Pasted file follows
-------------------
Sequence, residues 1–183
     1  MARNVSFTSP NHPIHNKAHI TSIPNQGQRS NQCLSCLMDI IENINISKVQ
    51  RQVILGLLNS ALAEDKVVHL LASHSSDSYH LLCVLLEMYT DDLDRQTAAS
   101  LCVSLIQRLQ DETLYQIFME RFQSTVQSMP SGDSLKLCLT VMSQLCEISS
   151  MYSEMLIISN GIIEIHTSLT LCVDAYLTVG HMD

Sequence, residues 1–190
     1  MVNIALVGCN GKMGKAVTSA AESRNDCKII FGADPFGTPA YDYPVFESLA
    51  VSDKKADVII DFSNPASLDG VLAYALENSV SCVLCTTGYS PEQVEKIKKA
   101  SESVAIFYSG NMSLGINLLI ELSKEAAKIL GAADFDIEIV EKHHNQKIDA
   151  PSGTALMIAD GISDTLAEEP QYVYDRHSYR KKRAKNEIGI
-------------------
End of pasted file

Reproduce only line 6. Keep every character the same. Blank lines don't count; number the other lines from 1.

Sequence, residues 1–190